WHD Provides Guidance on Joint Employment
On January 20th, the Wage and Hour Division (WHD) of the US Department of Labor issued the Administrator’s Interpretation concerning joint employment under the Fair Labor Standards Act (FLSA) and Migrant and Seasonal Agricultural Worker Protection Act (MSPA). Under these laws, it is possible for a worker to be jointly employed by two or more employers who are both responsible, simultaneously, for compliance. Employers conducting commercial work should keep this guidance in mind to ensure joint employment compliance.
The press release accompanying the Interpretation discussed how companies should take more responsibility for their contracted workforce, pointing out that the country’s workforce continues to change as companies concentrate on core competencies while subcontracting out everything else. It is becoming more and more common for employees to have more than one employer. Additionally, the WHD says they have stepped up enforcement as they continue to see problems across all industries.
The Interpretation identifies common scenarios in which two or more employers jointly employ an employee and are thus jointly liable for compliance. In one particular scenario a laborer is employed by a Drywall Company which is an independent subcontractor on a project. Though the Drywall Company was hired by the General Contractor, the Drywall Company hired the laborer and is responsible for paying them. Yet, the laborer receives the necessary equipment and materials from the General Contractor who also provides workers’ compensation insurance, and is responsible for the health and safety of the laborer.
In this scenario both employers jointly reserve the right to remove the laborer from the project, control the laborer’s schedule, provide assignments on site, and supervise the laborer. This example is indicative of joint employment by a General Contractor.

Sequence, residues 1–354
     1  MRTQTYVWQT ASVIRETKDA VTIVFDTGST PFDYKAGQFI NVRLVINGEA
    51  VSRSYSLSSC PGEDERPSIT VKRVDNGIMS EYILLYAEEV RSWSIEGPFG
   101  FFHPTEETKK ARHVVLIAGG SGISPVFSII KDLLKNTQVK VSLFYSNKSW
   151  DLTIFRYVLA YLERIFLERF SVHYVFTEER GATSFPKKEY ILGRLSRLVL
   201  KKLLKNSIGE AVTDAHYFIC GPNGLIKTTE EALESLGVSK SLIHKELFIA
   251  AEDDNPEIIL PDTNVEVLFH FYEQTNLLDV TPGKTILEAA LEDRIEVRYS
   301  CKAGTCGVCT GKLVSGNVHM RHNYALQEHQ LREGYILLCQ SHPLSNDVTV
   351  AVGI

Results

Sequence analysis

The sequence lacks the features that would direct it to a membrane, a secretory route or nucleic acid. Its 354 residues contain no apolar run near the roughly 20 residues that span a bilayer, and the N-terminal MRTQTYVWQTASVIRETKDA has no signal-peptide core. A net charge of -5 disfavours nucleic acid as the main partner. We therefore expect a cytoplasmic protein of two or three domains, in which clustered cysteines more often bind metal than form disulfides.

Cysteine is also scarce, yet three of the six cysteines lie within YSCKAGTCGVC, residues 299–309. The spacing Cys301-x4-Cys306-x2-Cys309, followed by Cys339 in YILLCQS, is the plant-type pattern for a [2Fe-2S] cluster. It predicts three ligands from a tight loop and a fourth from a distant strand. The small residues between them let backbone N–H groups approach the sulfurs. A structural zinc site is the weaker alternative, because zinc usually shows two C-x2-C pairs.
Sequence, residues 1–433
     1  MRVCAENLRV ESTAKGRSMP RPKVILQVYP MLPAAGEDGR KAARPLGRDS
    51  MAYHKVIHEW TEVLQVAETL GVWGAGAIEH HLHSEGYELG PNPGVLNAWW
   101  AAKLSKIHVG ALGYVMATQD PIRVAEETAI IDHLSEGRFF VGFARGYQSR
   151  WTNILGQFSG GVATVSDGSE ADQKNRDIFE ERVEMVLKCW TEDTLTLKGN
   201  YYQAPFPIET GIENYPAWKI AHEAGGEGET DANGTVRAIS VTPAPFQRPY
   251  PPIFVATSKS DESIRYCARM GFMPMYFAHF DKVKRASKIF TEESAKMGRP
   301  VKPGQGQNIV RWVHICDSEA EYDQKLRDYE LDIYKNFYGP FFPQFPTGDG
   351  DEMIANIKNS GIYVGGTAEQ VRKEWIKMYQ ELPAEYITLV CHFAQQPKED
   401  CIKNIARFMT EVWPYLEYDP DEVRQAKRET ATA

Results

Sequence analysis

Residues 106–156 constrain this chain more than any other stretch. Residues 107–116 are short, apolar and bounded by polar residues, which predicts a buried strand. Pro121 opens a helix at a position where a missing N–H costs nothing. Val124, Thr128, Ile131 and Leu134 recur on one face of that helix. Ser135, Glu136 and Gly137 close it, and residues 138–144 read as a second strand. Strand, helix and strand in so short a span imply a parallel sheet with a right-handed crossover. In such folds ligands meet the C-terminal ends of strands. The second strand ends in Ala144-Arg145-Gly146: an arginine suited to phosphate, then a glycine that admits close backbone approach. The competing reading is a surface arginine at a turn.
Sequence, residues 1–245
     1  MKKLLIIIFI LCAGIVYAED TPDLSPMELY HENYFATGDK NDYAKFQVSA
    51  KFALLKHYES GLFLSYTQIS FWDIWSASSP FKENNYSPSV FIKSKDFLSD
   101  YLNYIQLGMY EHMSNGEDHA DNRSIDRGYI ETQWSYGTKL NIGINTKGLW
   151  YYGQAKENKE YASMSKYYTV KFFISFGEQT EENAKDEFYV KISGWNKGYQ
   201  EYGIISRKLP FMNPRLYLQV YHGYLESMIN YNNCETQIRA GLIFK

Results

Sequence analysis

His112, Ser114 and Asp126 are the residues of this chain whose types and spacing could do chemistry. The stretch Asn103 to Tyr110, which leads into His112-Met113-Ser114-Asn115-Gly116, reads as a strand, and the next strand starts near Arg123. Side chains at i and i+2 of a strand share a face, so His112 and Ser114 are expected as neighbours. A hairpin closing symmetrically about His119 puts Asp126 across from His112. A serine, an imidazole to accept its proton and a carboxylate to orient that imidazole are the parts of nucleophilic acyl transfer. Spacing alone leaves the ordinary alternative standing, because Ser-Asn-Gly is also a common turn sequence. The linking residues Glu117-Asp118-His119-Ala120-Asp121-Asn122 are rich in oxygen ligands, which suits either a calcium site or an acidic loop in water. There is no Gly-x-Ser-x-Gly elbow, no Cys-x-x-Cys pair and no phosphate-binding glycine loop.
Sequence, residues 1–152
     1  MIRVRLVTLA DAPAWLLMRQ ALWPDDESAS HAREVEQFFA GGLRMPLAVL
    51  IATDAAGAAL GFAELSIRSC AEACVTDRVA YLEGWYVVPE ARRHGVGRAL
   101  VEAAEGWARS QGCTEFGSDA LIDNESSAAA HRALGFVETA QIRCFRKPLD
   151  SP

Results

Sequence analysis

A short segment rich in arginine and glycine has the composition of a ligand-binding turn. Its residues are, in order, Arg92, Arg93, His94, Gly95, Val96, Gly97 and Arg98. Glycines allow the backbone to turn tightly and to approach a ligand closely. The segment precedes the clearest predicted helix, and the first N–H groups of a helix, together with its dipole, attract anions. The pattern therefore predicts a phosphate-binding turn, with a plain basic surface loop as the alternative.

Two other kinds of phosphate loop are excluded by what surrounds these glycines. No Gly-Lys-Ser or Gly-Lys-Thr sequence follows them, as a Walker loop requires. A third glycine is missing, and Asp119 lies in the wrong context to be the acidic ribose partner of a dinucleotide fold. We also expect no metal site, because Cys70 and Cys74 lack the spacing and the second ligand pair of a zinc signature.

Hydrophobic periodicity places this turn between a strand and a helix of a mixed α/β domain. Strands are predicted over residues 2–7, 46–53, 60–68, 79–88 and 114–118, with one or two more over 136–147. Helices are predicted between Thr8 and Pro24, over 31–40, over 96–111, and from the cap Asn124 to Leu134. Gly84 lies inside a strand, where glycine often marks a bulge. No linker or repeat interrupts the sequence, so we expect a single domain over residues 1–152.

Generally, once it is determined that a joint employment relationship exists the joint employers are both responsible for compliance with the FLSA and the MSPA. With regard to the FLSA, employers must ensure that the employee receives payment of at least the federal minimum wage for all hours worked and overtime pay at not less than one and one-half times the regular rate of pay for hours worked over 40 in a workweek. Furthermore, joint employers must combine all of the hours worked by the employee in a workweek to determine if the employee worked more than 40 hours and is due overtime pay.
Under MSPA, each of the joint employers must ensure that the employee receives all employment-related rights granted by MSPA, such as accurate and timely disclosure of the terms and conditions of employment, written payroll records, and payment of wages when due.
It may also be worth noting that this Interpretation is similar to the manner in which Davis-Bacon and Service Contract Act contracts are handled; where the prime contractor is responsible for the compliance of the subcontractor. At the very least this should serve as a reminder for companies, regardless of whether they do just commercial, just government, or a combination of both, to review their compliance procedures.
The WHD Joint Employment Interpretation may be found at: http://www.dol.gov/whd/flsa/Joint_Employment_AI.htm